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Six Nations 2019: Scotland Guide

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Six Nations 2019: Inconsistent Scotland eyeing unlikely title tilt

There is an air of positivity emanating from the Scotland squad heading into the Six Nations but they must learn lessons from last year in order to mount an unlikely bid for the title.

Scotland finished third in a mixed 2018 tournament that highlighted their inconsistency, having come fourth in the previous two editions.

They made the trip to Cardiff last year with high hopes after thrashing Australia in their final November Test, but suffered a rude awakening as Wales dished out a 34-7 thumping at the Millennium Stadium.

After such a chastening thrashing on the opening weekend, Scotland showed what they are capable of by turning on the style to beat France before lifting the Calcutta Cup with a swashbuckling long-awaited victory over fierce rivals England at Murrayfield.

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They were unsurprisingly brought down to earth by all-conquering Ireland, then made hard work of edging out Italy in Rome.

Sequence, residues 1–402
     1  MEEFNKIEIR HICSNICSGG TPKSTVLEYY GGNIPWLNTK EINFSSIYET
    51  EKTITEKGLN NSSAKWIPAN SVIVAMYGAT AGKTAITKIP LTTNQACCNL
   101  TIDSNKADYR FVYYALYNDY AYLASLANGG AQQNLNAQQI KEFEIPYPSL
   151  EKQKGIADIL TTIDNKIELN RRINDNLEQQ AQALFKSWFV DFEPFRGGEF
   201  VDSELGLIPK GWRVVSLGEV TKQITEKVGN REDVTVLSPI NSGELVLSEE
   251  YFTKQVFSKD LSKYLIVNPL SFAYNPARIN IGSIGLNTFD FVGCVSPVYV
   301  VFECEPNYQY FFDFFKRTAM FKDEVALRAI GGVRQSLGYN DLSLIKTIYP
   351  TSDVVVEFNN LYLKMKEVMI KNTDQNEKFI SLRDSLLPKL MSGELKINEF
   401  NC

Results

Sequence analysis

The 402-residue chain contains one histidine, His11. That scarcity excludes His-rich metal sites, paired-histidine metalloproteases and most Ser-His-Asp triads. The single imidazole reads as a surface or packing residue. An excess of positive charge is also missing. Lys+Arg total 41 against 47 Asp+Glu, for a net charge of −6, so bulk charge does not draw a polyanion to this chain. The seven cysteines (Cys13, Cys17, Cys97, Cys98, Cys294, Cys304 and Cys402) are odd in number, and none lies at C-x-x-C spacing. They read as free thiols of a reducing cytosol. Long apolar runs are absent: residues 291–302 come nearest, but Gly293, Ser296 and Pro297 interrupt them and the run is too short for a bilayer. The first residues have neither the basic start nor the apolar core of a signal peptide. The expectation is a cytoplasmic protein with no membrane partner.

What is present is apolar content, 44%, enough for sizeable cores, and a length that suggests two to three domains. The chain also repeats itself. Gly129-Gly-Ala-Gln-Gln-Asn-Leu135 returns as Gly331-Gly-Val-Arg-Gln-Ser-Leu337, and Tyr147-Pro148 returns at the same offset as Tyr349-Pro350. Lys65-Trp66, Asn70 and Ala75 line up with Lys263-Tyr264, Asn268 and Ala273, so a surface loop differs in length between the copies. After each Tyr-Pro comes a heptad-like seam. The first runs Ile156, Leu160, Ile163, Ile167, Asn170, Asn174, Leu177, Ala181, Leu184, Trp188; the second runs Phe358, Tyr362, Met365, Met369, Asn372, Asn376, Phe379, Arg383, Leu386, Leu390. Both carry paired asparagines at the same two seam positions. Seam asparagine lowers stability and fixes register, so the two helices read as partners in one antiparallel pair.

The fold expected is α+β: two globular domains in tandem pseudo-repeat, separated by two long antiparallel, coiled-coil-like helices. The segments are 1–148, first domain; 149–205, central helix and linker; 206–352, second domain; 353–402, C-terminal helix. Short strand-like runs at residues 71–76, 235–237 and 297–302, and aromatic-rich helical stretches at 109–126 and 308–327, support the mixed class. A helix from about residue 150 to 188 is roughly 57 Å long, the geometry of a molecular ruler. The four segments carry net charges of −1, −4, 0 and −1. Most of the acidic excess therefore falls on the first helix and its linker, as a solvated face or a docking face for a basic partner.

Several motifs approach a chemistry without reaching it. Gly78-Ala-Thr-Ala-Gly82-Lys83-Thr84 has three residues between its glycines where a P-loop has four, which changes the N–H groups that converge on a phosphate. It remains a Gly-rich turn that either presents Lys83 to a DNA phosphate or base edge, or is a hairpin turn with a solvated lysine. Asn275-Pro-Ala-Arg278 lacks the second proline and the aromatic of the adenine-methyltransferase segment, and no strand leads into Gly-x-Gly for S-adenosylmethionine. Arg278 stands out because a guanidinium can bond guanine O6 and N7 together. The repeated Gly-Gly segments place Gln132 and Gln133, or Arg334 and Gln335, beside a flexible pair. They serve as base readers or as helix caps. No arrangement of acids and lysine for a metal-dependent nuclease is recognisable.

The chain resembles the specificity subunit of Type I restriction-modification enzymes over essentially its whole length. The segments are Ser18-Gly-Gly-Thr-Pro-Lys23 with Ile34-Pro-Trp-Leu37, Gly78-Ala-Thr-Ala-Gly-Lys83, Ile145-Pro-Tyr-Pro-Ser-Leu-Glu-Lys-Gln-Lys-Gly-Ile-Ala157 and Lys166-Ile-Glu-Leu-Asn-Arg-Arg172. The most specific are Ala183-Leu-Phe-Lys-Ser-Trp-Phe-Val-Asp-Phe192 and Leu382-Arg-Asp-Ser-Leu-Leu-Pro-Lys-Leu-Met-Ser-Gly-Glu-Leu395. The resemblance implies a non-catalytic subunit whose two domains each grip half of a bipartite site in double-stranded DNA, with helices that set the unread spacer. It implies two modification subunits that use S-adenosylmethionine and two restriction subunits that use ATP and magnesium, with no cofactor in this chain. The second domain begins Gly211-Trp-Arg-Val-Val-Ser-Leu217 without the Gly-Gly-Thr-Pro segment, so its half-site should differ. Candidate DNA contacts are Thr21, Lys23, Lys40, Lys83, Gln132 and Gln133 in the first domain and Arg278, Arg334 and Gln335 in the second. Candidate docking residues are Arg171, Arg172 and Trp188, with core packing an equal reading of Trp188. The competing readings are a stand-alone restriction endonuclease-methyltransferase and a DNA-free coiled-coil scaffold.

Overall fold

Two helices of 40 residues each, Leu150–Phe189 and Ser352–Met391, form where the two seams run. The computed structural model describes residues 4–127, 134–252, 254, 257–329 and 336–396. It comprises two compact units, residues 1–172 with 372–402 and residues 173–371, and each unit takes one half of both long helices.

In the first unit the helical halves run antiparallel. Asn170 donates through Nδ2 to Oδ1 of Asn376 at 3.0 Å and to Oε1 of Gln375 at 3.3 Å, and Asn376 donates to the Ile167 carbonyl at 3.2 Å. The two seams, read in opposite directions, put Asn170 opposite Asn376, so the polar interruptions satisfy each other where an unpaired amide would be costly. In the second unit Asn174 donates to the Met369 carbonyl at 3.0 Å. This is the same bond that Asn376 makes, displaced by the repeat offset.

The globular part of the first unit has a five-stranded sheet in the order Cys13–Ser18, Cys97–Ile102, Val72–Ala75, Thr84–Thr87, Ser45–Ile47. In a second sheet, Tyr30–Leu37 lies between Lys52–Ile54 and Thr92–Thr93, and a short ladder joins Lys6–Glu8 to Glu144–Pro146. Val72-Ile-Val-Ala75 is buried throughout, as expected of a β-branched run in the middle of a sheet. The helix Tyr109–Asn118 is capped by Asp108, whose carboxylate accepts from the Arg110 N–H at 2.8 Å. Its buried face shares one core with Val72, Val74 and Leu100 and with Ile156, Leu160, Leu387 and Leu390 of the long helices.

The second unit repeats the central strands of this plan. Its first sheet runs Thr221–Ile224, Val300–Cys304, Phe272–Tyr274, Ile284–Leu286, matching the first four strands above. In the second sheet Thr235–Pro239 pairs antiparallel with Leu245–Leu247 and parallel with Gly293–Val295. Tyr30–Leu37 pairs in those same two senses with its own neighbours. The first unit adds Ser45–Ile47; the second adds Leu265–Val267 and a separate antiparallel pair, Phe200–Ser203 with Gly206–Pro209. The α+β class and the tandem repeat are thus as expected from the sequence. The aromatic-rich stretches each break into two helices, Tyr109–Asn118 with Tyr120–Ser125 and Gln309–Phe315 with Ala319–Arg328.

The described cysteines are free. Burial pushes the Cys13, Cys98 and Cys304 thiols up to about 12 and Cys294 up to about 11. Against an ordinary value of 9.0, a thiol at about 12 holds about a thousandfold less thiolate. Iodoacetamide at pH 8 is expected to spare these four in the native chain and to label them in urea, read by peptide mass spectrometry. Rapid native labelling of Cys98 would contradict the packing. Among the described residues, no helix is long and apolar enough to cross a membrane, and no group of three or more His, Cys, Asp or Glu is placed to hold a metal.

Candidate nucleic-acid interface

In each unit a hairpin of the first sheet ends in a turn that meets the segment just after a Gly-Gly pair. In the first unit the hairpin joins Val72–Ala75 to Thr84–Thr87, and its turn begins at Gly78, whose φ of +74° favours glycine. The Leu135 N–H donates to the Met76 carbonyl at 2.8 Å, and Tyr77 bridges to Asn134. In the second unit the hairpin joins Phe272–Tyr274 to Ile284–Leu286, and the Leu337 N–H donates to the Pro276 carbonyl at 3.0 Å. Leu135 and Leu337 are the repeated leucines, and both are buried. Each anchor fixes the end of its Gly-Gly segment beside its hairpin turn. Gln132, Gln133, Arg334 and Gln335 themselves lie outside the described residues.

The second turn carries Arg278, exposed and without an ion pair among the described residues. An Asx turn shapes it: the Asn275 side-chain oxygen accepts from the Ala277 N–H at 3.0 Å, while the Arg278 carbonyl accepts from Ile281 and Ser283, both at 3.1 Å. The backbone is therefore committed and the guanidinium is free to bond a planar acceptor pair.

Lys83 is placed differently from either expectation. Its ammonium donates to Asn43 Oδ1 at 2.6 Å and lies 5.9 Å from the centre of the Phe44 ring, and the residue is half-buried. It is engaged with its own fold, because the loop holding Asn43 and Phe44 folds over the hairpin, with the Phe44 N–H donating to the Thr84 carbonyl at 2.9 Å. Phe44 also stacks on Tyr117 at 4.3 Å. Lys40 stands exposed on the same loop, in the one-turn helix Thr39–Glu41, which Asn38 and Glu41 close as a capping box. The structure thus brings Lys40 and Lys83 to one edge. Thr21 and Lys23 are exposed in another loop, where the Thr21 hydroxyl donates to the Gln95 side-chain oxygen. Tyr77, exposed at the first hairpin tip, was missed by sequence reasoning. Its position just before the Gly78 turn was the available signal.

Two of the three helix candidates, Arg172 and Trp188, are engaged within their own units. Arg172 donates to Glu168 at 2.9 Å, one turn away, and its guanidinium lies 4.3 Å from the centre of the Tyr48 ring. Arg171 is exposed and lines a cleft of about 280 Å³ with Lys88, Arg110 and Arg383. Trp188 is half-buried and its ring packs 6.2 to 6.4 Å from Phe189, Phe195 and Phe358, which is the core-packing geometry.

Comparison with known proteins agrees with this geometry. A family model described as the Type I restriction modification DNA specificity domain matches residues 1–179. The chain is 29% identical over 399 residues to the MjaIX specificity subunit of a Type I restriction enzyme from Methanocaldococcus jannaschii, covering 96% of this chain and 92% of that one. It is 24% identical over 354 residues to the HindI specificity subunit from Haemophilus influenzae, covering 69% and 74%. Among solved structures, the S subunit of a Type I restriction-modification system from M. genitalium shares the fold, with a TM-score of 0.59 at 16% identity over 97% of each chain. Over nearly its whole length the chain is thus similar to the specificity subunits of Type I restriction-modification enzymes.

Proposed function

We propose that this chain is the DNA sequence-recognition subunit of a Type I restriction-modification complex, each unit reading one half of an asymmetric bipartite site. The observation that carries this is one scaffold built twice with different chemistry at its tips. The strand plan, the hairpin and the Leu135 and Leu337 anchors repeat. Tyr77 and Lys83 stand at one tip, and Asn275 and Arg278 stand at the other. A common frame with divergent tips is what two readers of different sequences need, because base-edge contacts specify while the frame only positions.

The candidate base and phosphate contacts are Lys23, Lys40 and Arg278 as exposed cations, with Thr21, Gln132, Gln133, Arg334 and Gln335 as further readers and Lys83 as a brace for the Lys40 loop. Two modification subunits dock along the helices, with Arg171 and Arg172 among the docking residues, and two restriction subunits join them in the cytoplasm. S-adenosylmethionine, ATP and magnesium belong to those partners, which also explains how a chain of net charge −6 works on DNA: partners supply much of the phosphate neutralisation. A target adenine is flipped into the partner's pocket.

To continue the trend, Scotland were a mixed bag in the remainder of the year and have a long list of injuries to contend with as they prepare to take on Italy at Murrayfield on Saturday.

John Barclay, Richie Gray and Hamish Watson are among the key absentees, yet head coach Townsend maintains he has the strength in depth to mount a challenge.

The presence of Edinburgh and Glasgow Warriors in the quarter-finals of the European Champions Cup shows Scottish rugby is on the up and full-back Stuart Hogg says the national team are ready to deliver.

“I think we are on the right path to achieving something incredibly special,” the British and Irish Lion said. “We have been working really hard over the last few years to get to where we are.

“I truly believe we can win the Six Nations but as players we are just looking at the first game against Italy and making sure we get off to the best possible start.”

Scotland have shown they can be the great entertainers and they will be expected to brush Italy aside with a swagger, but the acid test will come when they host Ireland a week later.

They will then make the trip to Paris and finish their campaign at Twickenham following a home clash with Wales.

Townsend’s men can be a match for most sides on their day and rapid wing Darcy Graham will be one to keep an eye on in his first Six Nations campaign.

Yet Scotland must show they can grind it out and prove they do not have a soft centre if they are to have any chance of dethroning Ireland.

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Six Nations 2019: Inconsistent Scotland eyeing unlikely title tilt